Reviews :: Book Genre :: Young Adult

This archive contains links to all of the Young Adult Book Reviews we've written over the years. There are a good bundle here, but there is a literal metric ton of young adult stuff out there, and so much of it is just not good. Grumble. If you've come here looking for something in that realm, you're in luck! We just happen to have more than a few suggestions lying around the place waiting for your perusal.

If you're looking for something else, say a book in another genre or maybe just any book that we happened to think was awesome-sauce, browse around the site for a bit and check out our reviews.

Just don't forget to let us know what you thought of a book you've read or if there's a suggestion you have for something we'd like to read! We're always on the lookout for a good read, especially if it's something we can hand off to our teenagers without cringing too much.

Review

War Girls

Posted: September 8, 2020 by Jane Funk in Books We Like Meta: Tochi Onyebuchi, Post Apocalyptic, Young Adult
War Girls

Citing a long history of erasure and silence surrounding the Nigerian civil war, author Tochi Onyebuchi wrote WAR GIRLS (Amazon) to illustrate the way that the tensions that incited the conflict–economic, religious, tribal–exist today and how they might play out in a post-apocalyptic future. I didn’t know any of this history when I started the book and the story stands admirably on its own (interested readers can find additional reading in Onyebuchi’s afterword).
Read the rest of this review »

Review

The Obsidian Tower

Posted: June 2, 2020 by Jane Funk in Books We Like Meta: Melissa Caruso, Fantasy, Young Adult, LGBTQ+
The Obsidian Tower

THE OBSIDIAN TOWER (Amazon) is the first in the new Rooks and Ruin series by Melissa Caruso. It’s a high fantasy coming-of-age story, with lots of politics, magic, and betrayal. Caruso’s relentless pacing, strong prose, and interesting protagonist make THE OBSIDIAN TOWER an enjoyable read.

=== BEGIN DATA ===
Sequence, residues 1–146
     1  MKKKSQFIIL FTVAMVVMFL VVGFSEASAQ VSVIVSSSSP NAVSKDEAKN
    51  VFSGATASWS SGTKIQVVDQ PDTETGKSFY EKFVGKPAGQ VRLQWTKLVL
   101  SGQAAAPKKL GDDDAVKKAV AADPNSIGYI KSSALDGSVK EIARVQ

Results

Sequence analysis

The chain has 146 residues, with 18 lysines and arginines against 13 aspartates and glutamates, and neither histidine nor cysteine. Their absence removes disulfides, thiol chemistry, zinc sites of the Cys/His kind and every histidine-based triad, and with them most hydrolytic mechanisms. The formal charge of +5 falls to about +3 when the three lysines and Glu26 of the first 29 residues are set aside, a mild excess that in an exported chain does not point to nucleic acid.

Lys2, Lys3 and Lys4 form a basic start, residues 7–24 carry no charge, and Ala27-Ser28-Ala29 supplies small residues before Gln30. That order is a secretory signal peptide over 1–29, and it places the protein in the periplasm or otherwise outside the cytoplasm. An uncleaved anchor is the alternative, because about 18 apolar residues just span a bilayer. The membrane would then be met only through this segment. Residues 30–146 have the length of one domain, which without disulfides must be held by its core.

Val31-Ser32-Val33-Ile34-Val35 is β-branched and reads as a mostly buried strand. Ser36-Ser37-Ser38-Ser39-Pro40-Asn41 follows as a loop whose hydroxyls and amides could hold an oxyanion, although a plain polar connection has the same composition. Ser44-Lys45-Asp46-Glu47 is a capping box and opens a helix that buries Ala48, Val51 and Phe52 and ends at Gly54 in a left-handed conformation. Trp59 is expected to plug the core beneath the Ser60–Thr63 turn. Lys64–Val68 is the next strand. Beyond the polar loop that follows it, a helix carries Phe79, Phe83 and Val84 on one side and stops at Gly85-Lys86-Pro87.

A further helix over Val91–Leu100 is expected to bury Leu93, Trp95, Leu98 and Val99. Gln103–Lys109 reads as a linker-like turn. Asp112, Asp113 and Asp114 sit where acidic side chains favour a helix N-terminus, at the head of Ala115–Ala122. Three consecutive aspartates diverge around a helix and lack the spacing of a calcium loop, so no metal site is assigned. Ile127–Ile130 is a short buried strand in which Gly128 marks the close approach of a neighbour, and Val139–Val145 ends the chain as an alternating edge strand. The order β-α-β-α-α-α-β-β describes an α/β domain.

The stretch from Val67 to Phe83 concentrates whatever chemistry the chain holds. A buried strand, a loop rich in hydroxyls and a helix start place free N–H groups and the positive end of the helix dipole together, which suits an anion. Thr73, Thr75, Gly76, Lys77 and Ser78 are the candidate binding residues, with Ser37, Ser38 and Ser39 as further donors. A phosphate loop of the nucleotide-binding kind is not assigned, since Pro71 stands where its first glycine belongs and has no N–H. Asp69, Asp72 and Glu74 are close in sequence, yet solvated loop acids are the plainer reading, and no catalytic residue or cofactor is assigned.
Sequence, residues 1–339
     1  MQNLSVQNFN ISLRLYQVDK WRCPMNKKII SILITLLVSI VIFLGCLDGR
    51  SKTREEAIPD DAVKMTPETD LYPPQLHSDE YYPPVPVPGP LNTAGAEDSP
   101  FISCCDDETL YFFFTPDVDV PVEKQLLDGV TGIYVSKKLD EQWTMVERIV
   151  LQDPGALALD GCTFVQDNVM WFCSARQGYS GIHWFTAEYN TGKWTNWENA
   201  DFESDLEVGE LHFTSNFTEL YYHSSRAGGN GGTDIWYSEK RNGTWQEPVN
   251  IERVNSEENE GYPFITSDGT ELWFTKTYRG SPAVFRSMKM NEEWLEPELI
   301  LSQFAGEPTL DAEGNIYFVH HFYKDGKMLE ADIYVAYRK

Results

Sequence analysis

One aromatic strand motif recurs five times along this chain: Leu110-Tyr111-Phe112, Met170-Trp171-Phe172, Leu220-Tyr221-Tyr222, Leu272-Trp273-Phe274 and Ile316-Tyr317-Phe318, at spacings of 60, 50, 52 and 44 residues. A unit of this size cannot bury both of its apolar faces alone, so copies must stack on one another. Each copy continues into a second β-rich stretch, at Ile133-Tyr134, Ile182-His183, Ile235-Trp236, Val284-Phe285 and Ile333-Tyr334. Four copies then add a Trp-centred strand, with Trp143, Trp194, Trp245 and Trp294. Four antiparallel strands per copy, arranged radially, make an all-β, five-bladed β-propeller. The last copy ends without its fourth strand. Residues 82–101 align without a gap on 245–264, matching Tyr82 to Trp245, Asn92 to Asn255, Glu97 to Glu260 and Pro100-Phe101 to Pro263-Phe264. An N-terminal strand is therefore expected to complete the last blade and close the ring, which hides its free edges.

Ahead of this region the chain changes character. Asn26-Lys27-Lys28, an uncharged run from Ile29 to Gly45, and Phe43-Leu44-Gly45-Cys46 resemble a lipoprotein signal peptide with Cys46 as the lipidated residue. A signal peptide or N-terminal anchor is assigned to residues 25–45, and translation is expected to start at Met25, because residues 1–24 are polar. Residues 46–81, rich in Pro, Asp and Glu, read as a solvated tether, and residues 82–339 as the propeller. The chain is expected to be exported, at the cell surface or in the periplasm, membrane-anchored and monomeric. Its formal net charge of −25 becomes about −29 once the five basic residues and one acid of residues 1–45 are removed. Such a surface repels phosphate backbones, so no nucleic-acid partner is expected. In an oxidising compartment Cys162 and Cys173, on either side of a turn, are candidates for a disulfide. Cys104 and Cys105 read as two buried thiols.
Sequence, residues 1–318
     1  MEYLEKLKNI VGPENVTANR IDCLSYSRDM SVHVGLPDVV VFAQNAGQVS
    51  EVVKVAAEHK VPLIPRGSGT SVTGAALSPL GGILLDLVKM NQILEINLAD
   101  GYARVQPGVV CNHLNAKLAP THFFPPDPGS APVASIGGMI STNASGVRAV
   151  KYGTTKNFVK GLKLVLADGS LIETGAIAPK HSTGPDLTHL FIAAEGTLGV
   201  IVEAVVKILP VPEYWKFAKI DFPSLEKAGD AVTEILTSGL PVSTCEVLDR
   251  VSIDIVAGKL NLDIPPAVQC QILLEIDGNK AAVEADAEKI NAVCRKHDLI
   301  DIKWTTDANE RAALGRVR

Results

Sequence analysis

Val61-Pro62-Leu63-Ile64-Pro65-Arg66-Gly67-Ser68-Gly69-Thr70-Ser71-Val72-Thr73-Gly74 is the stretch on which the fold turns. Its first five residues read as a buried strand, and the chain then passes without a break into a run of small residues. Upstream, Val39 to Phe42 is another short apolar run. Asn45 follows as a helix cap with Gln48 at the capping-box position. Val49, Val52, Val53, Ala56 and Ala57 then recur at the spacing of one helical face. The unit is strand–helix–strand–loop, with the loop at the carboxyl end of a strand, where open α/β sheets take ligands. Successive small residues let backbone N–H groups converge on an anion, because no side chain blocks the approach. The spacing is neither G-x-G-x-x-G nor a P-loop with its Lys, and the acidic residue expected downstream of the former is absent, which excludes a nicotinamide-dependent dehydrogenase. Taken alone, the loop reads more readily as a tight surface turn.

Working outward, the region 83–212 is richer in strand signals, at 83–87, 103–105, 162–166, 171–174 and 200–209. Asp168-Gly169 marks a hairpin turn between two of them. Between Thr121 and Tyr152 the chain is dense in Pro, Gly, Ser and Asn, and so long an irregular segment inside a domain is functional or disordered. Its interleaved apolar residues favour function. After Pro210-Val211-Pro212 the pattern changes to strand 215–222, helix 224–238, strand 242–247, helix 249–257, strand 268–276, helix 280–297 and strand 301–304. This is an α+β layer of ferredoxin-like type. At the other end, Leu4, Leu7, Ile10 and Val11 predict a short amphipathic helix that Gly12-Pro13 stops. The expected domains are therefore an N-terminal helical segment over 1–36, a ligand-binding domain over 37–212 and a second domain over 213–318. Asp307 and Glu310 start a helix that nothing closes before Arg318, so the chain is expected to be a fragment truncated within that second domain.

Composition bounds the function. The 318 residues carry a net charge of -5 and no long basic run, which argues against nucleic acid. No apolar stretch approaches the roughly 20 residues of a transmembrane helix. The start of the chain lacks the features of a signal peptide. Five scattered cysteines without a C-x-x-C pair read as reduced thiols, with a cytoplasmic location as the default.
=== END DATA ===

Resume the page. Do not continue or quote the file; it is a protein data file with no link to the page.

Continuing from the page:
Read the rest of this review »

Review

Blood Countess

Posted: April 28, 2020 by Vanessa in Books We Like...and Hate Meta: Lana Popovic, Horror, Young Adult
Blood Countess

If you haven’t heard of Countess Elizabeth Bathory (Wikipedia) you’ve missed out on a fascinating true story from history. Because she was born in 1560, our understanding of the events that surrounded her life are a little sketchy, but we do know she was beautiful, well-educated, rich, and well-connected. And she was accused of killing 600 girls.

Lana Popovic decided it was a story worthy of trying to tell in BLOOD COUNTESS.
Read the rest of this review »

Review

Wool

Wool

Living on the surface has become life-threatening, and as a result humanity has retreated to underground. We open WOOL with Sheriff Holston, the law for the silo and the underground city that lives there.

But the silo’s population is strictly controlled. Couples aren’t allowed to even try to have a child without permission unless they win a lottery placement that gives them a chance at a year of trying. They only have a chance at this lottery when another inhabitant dies of old age, accident–or by cleaning.
Read the rest of this review »

Review

The Electric Heir

Posted: March 10, 2020 by Jane Funk in Books We Like Meta: Victoria Lee, Dark Fantasy, Fantasy, Young Adult
The Electric Heir

Beautiful, self-destructive teens placed in abusive, impossible situations. An interweaving of magic and technology. An ongoing sense of dread.

Welcome back to Victoria Lee’s Feverwake series! THE ELECTRIC HEIR, the dark and compelling final installment carries our protagonist, Noam Álvaro towards a brutal confrontation with tyrant and with his own choices.

A brief note: while I tried to avoid spoilers for THE ELECTRIC HEIR, this review has MAJOR spoilers for the first book in the duology, THE FEVER KING. Reader beware.
Read the rest of this review »

Review

Ivory Apples

Posted: February 28, 2020 by Writer Dan in Books that are Mediocre Meta: Lisa Goldstein, Fantasy, Young Adult
Ivory Apples